Training: Introductory statistics with R – 24 August 2015


  • Exploratory data analysis with R. Simple and inferential statistics with a focus on graphics, both for exploration and interpretation. All topics will be illustrated using R, where possible with the R standard example data sets. The training will take one day, and consist of 6-8 sessions, each starting with an introduction to some of the issues, followed by hands-on exercises.



  • 1. Descriptive statistics
    Types of variables: nominal/categorical (including binary), ranked, interval, ratio; discrete vs continuous. Examples from standard R datasets: mtcars. How to represent as variables (which type/class?). ‘Factors’ in R: PITA or blessing?

    • 1.1. Univariate
      Numeric summaries: parametric (mean, variance, standard deviation, coefficient of variation), non-parametric (median, quartiles, quantiles), mode & range. 5-number summaries.
      Graphs: box plot, bar graph, histogram (and difference with histogram), rug plot. Symmetrical vs skewed distributions. Difference between mean and median in skewed distributions. Outliers.
      1.2. Bivariate: two nominal variates
      Numeric summaries: contingency tables; contingency coefficients: measure of association (e.g. hair colour vs eye colour)
      Graphs: (heat maps); mosaic plots
      1.3. Bivariate: nominal vs numerical
      Numeric summaries: differences in the mean/median…
      Graphs: overlapping histograms or bar graphs; box plot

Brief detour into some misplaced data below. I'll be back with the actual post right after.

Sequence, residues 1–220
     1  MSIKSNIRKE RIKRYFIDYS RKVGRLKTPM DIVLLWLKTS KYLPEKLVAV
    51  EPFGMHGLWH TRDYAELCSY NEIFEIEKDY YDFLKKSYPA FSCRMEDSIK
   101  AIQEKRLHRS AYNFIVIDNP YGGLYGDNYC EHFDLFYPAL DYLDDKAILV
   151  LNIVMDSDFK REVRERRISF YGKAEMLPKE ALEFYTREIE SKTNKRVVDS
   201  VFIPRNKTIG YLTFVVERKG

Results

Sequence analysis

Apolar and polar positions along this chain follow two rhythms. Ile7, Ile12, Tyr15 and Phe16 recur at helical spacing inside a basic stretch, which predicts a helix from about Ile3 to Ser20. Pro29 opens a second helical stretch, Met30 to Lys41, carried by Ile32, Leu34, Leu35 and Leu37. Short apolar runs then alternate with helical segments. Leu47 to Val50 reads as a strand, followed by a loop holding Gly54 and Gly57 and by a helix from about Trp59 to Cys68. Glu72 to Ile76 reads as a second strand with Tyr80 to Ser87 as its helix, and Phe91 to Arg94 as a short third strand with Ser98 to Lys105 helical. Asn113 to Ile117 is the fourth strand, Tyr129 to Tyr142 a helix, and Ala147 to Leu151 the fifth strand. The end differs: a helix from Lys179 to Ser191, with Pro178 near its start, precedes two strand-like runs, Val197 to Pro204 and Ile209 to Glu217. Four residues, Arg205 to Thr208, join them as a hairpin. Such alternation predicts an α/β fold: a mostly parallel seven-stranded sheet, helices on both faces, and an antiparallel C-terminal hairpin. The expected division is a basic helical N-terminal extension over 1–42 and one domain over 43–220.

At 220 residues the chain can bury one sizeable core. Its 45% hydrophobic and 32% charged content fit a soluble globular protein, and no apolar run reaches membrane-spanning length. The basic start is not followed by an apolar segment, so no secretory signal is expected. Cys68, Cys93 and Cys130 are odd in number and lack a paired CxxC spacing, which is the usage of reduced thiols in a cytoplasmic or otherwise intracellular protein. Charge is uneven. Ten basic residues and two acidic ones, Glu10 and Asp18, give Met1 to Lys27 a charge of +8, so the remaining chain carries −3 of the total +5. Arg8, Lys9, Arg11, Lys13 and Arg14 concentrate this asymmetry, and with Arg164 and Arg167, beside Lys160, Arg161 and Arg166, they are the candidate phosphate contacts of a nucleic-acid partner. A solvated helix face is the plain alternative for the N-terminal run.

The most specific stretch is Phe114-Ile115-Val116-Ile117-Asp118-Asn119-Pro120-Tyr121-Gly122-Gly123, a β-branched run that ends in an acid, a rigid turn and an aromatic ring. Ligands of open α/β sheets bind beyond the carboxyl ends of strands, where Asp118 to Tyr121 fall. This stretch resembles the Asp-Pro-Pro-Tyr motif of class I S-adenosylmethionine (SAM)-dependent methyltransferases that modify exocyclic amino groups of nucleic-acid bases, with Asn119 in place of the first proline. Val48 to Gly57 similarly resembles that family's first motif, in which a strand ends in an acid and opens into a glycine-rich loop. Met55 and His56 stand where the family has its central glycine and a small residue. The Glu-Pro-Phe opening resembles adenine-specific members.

1.4. Bivariate: ordinal vs numerical
      Numeric summaries: covariance, correlation
      Graphs: heat map, scatter plots
      1.5. Multivariate:
      Numeric summaries: correlation matrix
      Graphs: ‘pairs’ (matrix of ‘scatterplots’). 3d graphs are difficult to interpret, better inspect individual bivariate relationships separately. Possibility to use colour, symbol type and size to vary with different variables.
  • 2. Inferential statistics
    R basics to allow simulations: random numbers, set.seed. Importance of simulated data in understanding concepts and models

    • 2.1. Concepts needed for inferential stats:
      Law of large numbers; simulation demonstrating how sums of IDD variates are approaching normal distribution; form and variance of the distribution of the mean; not everything is normally distributed (e.g. multiplicative processes instead of additive, log is normally distributed so need for transformations)
      Probability distributions, normal distribution; Z-scores, basis of testing; errors of type I and II; Z test; confidence intervals; significance and power; dangers of repeated testing
      2.2. Simple statistical tests
      2.2.1. t-tests: compensating for uncertainty over estimate of variance. Different forms of t test: one and two-sample; paired sample; equal and different variance. ANOVA as extension of t test
      2.2.2. Linear regression: predicting one variate from another. Significance of correlation, intercept, slope. Confidence bands. Diagnostic plots.
      2.2.3. Contingency tables, Chi squared


  • Edward Vanden Berghe holds a PhD in Science, with a background in Marine Biodiversity. He has been actively using R for several years, and teaching statistics for several decades.


  • Duration: 8h
  • Date and time: 24 August 2015, start at 9 am
  • Location: European Data Innovation Hub @ AXA, Vorstlaan 23, 1170 Brussel
  • Price: 300€


Please register via the eventbrite web site, on

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